Title

Instrument Development and Psychometric Analysis: Nurses' Urinary Incontinence Knowledge, Beliefs, and Practices

Date of Award

12-1-2007

Document Type

Dissertation

Degree Name

Doctor of Philosophy (PhD)

Department

Nursing

Abstract

The purpose of this research was to develop and psychometrically assess an instrument to measure nurses’ urinary incontinence (UI) knowledge, beliefs, and practices (NU1KBAP) in the female population using content experts and nursing students. This multiple methodology investigation was framed by Feminist and Orem’s Self-Care Deficit theories. UI prevalence among women ranges from 9-72% with $19.5 billion dollars spent in the US on direct UI expenses in the year 2000. Many nurses do not have adequate knowledge regarding female UI and little is known about their UI-related beliefs and practices.

The foci of Phase 1 were to develop, estimate validity, and revise NUIKBAP. A purposive sample of content experts and a pilot of practical nursing (PN) students provided data regarding NUIKBAP’s layout, validity, logistics, and utility. The foci of Phase II were to assess NUIKBAP’s psychometric properties and to capture qualitative- descriptive (QD) input. A convenience sample of graduating students from Northern Minnesota PN programs were recruited. Reliability and validity estimates included t- tests; content validity indices (CVIs); Cronbach’s alpha; and item, exploratory factor, and content analyses.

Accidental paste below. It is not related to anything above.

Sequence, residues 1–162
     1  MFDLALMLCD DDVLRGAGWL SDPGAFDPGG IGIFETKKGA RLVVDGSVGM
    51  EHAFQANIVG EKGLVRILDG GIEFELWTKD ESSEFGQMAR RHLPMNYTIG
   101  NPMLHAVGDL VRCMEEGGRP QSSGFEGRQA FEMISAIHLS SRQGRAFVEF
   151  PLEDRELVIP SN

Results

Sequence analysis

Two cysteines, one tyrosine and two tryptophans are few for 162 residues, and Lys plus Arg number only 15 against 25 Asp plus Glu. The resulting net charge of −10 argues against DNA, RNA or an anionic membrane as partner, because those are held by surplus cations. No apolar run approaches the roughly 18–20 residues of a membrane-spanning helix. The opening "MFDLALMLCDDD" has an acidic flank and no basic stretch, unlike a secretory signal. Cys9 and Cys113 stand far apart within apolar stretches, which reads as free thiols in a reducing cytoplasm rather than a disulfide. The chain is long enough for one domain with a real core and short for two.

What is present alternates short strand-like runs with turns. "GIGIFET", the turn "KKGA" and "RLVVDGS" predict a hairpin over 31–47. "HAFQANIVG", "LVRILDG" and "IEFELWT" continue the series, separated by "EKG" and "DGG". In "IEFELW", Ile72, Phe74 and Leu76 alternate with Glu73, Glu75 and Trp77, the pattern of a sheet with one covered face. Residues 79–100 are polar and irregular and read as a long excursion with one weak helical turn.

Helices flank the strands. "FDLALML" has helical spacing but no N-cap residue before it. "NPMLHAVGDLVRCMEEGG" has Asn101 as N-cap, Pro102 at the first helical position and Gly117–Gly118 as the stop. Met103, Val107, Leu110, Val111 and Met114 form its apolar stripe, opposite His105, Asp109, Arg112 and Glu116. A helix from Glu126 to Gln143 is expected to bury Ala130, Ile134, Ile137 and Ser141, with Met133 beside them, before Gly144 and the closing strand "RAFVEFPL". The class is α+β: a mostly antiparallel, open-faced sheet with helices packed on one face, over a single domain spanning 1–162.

Experts (n=7) rated NUIKBAP content valid (item CVI > 0.800 on 71/74 retained items; instrument CVI 0.856; inter-rater reliability 0.730). The pilot («= 11) revealed high instrument utility and significant divergent validity (p=0.002) between groups. Phase II («=205) post-elimination Cronbach’s alphas were adequate for knowledge (0.740), beliefs (0.729-0.776), and practices (0.704). A 6-factor Principal Axis factor solution reduced and organized items. QD («=21) analysis led to the emergence of five UI themes. Implications for nursing are vast. Our aging nation will lead to rising UI prevalence. There is a lack of evidence regarding the effectiveness of nursing education in preparing nurses to competently provide female UI care. Translation of research into practice must be brokered by nurses, yet limited information exists on nurses as mediators of female UI care. NUIKBAP will be useful longitudinally to gauge nursing practice progress as efforts are implemented to raise UI awareness, initiate standardized UI screening protocols, and distribute first-line UI treatment guidelines. This research contributes to the body of nursing knowledge and will influence Ul-related nursing education, practice, and policy.

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